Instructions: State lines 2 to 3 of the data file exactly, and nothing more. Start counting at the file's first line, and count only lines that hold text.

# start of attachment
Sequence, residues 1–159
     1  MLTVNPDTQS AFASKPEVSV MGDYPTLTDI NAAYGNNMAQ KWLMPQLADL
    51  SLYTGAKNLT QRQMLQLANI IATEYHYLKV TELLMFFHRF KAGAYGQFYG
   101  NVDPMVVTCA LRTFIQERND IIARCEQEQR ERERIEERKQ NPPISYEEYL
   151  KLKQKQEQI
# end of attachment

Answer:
     1  MLTVNPDTQS AFASKPEVSV MGDYPTLTDI NAAYGNNMAQ KWLMPQLADL
    51  SLYTGAKNLT QRQMLQLANI IATEYHYLKV TELLMFFHRF KAGAYGQFYG